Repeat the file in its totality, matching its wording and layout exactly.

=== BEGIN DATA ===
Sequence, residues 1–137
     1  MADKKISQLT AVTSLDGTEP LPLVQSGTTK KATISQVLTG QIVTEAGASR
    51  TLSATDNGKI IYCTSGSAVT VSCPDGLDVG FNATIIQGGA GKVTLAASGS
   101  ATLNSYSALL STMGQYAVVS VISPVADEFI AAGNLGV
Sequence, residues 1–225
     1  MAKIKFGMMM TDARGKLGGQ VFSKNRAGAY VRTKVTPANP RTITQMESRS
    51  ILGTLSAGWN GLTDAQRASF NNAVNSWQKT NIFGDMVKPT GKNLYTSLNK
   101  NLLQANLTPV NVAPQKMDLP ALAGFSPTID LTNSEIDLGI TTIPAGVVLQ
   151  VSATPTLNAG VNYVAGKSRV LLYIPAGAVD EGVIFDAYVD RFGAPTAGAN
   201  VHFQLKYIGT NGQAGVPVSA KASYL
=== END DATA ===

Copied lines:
Sequence, residues 1–137
     1  MADKKISQLT AVTSLDGTEP LPLVQSGTTK KATISQVLTG QIVTEAGASR
    51  TLSATDNGKI IYCTSGSAVT VSCPDGLDVG FNATIIQGGA GKVTLAASGS
   101  ATLNSYSALL STMGQYAVVS VISPVADEFI AAGNLGV
Sequence, residues 1–225
     1  MAKIKFGMMM TDARGKLGGQ VFSKNRAGAY VRTKVTPANP RTITQMESRS
    51  ILGTLSAGWN GLTDAQRASF NNAVNSWQKT NIFGDMVKPT GKNLYTSLNK
   101  NLLQANLTPV NVAPQKMDLP ALAGFSPTID LTNSEIDLGI TTIPAGVVLQ
   151  VSATPTLNAG VNYVAGKSRV LLYIPAGAVD EGVIFDAYVD RFGAPTAGAN
   201  VHFQLKYIGT NGQAGVPVSA KASYL